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Published by Chhaya
health, age
health, age

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Published by: Chhaya on Nov 13, 2013
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11/13/2013

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Can't make a simple decision? It could be your AGE: Older people find it difficult to make choices and take less risks
 
Scientists have long known that cognitive function improves during adolescence, peaks in adulthood and declines as we age
 
 
Now have linked age to our decision-making skills in uncertain situations
 
 
Even elderly people who were in peak health experienced significant difficulties when presented with choices
 
When faced with uncertain situations, people are less able to make decisions as they age, according to U.S. scientists
When faced with uncertain situations, people are less able to make decisions as they age, according to U.S. scientists.
 
The research also found that older people are more risk-averse than their midlife counterparts when choosing between possible gains, but more risk-seeking when choosing between losses. Scientists have long observed that cognitive function improves throughout adolescence, peaks in adulthood, and declines with age, but behavioral changes in decision-making across a lifespan have been largely unstudied. Scientists at Yale School of Medicine, whose work was published in the journal Proceedings of the National Academy of Sciences, said these skills have implications for problems associated with poor decision-making.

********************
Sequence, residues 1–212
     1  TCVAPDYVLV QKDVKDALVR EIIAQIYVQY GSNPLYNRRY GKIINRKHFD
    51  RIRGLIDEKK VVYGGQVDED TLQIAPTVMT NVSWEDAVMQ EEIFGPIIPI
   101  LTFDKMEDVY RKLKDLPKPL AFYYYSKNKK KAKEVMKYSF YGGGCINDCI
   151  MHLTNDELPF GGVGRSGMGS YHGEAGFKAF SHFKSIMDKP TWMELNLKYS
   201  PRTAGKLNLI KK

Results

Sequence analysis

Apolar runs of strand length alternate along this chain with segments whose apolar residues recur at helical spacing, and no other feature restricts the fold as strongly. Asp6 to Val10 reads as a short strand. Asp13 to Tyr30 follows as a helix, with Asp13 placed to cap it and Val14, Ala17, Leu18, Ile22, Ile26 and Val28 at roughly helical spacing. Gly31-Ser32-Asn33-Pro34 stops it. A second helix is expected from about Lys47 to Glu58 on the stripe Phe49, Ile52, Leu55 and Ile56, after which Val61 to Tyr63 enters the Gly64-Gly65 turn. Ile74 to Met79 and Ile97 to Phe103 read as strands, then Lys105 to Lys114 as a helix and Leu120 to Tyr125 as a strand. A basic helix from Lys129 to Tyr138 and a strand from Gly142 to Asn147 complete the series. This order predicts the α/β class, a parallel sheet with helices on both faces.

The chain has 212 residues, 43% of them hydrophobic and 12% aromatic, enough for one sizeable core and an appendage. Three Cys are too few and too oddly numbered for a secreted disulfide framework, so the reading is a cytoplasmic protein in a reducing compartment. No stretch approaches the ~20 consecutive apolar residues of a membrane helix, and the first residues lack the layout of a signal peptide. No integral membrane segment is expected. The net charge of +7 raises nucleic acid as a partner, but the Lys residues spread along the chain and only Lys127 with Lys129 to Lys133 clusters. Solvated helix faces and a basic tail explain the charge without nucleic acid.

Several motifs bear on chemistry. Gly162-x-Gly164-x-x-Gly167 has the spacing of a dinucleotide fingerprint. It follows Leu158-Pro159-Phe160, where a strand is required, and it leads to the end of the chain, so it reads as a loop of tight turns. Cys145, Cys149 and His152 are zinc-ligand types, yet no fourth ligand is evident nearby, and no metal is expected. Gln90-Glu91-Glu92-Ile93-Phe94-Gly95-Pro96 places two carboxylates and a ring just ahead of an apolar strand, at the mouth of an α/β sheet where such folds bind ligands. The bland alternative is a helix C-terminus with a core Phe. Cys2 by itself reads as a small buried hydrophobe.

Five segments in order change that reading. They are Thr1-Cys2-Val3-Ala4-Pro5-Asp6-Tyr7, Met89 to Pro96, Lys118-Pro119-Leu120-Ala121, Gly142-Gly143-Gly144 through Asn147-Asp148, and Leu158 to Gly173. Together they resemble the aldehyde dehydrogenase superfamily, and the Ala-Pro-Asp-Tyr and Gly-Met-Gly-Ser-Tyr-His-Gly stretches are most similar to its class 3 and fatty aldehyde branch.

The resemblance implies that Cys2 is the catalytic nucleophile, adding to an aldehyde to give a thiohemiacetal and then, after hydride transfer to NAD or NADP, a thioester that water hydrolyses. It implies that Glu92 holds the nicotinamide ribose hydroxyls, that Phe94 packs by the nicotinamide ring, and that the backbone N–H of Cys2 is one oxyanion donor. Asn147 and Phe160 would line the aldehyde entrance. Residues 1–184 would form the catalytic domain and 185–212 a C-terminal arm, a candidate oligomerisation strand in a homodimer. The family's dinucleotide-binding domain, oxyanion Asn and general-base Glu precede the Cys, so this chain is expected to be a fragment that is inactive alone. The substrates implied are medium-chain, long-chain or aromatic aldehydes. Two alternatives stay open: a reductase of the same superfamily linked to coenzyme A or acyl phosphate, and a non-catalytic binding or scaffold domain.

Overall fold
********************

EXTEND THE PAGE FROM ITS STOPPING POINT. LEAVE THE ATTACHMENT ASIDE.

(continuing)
Ifat Levy, assistant professor in comparative medicine and neurobiology at Yale, recruited 135 healthy participants to study how decision-making functions change across a lifespan by measuring attitudes toward risk and ambiguity in  people between the ages of 12 and 90. The participants made 320 choices grouped in blocks of gain and loss trials. In gain trials, participants chose between a certain gain of $5 and a lottery that differed systematically in the amount of a possible monetary gain. Loss trials were identical to gain trials, except all amounts were negative. In one example, a participant faced a choice between losing $5 for certain, and equal chances of losing $8 or losing nothing ($0).
 
 The research also found that older people are more risk-averse than their midlife counterparts when choosing between possible gains, but more risk-seeking when choosing between losses
This design allowed Dr Levy and her team to estimate attitudes to both known (risky) and unknown (ambiguous) financial risks. By repeating each choice situation several times, the design also allowed the investigators to estimate how consistent the participants were in the choices they made. On average, older adults made decisions that resulted in the lowest expected monetary outcomes, compared with midlife participants. Even the healthiest members of the older age group showed profoundly compromised decision-making.

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